WHEN the King of Rock ‘n’ Roll strolled down Sunset Boulevard, nobody turned their heads.
It was the late ’60s and Elvis had become so famous that he was unrecognizable to the LA crowds – since everyone else “looked just like him”.
In an exclusive interview on Sunday, his pal Steve Binder, who was with him that day, told The Sun: “The Strip was busy and we saw all these young kids coming out of the Tower Records store.
“They ignored us and almost bumped into us. Then Elvis tried to get attention and turned to face the road and the cars, but even then no one reacted.
“Then another day in the studio, a woman came up to him and said, ‘Excuse me young man, do you know if there are any celebrities around here today?’
“Elvis took off his sunglasses, smiled down at her and said, ‘Sorry ma’am, I have no idea’ and put his sunglasses back on.
“She had no idea she was talking to one of the biggest celebrities in the world.
“The thing was, every kid who admired Elvis wanted to look like him.
“Most people on the street just thought he was a double or an impersonator.
“He was almost so famous that he became unpopular because everyone else looked like him.”
The wide-ranging interview comes ahead of the rocker’s 45th anniversary of his death this summer and the release of next month’s new movie Elvis, starring Austin Butler and Tom Hanks as his manager Colonel Tom Parker.
Kicking off The Sun on Sunday in Elvis month, Steve reveals how The King once slept in crooner Dean Martin’s dressing room for three weeks before a big performance and had a special team to dry his costumes because he was on stage sweating so much.
Steve, 89, who directed and produced Elvis’ 1968 comeback TV show, has written a book to mark the 45th anniversary of the singer’s death.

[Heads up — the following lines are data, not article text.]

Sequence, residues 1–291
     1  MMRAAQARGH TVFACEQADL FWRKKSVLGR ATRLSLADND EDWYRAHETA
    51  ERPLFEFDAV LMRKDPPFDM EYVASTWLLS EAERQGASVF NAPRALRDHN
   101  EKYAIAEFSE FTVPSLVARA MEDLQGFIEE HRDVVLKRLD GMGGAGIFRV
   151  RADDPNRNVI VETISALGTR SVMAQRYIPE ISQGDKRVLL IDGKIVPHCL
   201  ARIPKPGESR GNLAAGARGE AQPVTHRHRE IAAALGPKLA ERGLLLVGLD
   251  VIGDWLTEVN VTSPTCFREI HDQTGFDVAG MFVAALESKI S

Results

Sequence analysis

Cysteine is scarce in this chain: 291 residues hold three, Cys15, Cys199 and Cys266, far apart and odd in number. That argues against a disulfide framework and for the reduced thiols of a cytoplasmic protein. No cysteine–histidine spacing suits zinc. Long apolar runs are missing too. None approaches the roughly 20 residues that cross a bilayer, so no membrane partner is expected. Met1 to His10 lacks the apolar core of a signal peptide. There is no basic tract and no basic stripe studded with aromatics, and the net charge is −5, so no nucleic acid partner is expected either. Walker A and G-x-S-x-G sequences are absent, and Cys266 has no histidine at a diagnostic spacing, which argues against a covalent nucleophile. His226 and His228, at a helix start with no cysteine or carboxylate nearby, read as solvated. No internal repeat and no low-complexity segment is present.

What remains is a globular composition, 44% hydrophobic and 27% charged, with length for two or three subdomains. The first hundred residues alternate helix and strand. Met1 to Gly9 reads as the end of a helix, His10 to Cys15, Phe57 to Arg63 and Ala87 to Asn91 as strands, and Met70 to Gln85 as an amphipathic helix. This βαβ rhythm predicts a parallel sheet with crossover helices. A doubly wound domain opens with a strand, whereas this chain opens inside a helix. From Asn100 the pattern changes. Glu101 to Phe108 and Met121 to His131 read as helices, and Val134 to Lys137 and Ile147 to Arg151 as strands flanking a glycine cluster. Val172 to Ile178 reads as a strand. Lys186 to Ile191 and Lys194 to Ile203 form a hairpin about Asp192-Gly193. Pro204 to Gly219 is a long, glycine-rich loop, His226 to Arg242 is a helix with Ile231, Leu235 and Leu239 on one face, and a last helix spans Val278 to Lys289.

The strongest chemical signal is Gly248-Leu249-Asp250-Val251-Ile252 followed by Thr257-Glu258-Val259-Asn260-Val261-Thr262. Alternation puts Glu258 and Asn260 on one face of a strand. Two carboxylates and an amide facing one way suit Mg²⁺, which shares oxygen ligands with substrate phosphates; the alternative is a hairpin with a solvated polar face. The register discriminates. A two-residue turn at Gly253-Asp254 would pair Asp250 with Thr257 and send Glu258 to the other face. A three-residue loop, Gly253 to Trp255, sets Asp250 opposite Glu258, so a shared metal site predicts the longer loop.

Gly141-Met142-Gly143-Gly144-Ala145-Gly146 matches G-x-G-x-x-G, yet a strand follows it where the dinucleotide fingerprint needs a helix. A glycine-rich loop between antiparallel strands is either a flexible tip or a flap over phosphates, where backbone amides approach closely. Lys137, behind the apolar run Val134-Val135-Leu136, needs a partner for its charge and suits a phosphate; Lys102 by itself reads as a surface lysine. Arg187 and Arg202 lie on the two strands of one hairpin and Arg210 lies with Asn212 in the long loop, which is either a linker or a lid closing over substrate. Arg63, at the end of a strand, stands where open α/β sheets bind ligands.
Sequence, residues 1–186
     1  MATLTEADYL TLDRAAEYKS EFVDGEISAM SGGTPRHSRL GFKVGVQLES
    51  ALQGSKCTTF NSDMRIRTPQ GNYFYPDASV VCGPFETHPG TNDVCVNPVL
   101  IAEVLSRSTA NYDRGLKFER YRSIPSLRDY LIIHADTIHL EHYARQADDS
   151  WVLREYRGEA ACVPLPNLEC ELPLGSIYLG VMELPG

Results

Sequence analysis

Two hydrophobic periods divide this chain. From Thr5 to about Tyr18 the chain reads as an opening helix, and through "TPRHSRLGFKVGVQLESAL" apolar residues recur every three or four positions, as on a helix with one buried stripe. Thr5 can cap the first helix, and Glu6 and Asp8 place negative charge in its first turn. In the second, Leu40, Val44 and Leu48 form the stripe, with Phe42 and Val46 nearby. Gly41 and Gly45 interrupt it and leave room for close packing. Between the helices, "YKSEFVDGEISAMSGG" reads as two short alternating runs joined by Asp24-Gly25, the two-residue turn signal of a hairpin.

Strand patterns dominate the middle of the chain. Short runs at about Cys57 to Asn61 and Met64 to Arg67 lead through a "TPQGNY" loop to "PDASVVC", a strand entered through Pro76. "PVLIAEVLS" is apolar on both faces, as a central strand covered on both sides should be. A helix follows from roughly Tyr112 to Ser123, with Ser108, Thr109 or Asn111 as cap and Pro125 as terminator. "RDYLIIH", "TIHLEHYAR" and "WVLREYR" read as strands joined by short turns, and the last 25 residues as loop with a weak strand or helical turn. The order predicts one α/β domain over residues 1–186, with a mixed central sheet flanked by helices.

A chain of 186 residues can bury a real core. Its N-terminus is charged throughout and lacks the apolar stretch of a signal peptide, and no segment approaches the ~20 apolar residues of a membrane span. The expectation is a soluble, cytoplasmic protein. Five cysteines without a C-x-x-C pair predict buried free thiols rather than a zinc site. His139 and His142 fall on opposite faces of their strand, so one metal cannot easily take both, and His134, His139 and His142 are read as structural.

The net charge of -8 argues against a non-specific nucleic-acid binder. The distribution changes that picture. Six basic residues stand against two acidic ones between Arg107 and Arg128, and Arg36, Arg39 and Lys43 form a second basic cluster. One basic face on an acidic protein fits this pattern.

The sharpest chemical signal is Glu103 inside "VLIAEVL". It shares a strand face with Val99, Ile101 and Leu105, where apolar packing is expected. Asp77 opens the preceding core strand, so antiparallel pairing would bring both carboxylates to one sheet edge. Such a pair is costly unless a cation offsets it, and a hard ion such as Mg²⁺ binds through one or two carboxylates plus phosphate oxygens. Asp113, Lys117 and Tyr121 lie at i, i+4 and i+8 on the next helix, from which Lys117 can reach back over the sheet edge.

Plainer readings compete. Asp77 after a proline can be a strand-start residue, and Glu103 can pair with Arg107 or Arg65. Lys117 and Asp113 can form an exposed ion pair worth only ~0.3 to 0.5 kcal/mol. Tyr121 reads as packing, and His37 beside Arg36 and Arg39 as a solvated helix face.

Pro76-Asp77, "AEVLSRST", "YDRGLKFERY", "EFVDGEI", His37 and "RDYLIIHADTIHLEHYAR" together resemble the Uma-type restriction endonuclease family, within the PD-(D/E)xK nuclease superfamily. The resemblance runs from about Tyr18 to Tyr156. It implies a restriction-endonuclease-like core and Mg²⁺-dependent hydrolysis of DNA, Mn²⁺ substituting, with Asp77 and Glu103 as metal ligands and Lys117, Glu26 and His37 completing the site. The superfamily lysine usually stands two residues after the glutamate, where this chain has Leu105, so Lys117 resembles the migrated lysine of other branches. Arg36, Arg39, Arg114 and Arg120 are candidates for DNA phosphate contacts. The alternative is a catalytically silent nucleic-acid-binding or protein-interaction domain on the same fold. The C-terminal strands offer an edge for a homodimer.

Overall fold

He said: “Before I met Elvis I always thought he was a bit of a redneck so I didn’t take him very seriously. But after I met him, everything changed. He was charismatic, funny and smart.
“But he was vulnerable, often had a crisis of confidence and was completely at the mercy of Colonel Tom Parker.
“He was a prisoner of his fame. I think he died of boredom, nothing else. He was surrounded by the Memphis Mafia, people whose job it was to watch everything he did and said.
“I used to think, ‘Who took care of Elvis?’ There was nobody there.”
Elvis – the best-selling music artist of all time with almost a billion records sold and 21 No. 1 in the UK – was found dead in the toilet of his Graceland mansion in Memphis in August 1977. He was 42 years old.
Doctors said he died of a heart attack, with rumors that an addiction to prescription drugs contributed.
But Steve said: “In my world with him there was no heavy drinking, no drugs, nothing, just an incredible human being.
“So many things have been distorted over the years. I want to get my truth out there.”
When they met in 1968, Elvis had not performed live for seven years after a series of films.
Steve was hired by NBC television to direct an Elvis special and he recalled their first meeting saying, “We hit it off immediately. The first question he asked me was, ‘What do you think of my career?’
And I said, ‘I think it’s in the toilet’. I thought he could kill me but he laughed. He later told me that that sealed the deal. I think he liked that I was telling the truth.”
The pair worked to develop a format for the show, which was filmed in Hollywood.
Elvis’ wife Priscilla had just given birth to daughter Lisa Marie, so he rented a house in nearby Beverly Hills to be close to the studio.
Steve said, “He decided he didn’t want to drive from Beverly Hills every day and asked if he could live in the studio for three weeks while he did the show. We put a bed in the wardrobe and two pianos. It was Dean Martin’s room.
“Every single night people would gather around a baby grand, improvising and singing old songs. That’s where we came up with the idea for the show – everything was to be improvised. He told me he didn’t even want Priscilla to come into the studio outside of the shows. He said jokingly, ‘And besides, with all these handsome guys here . . . ‘ .”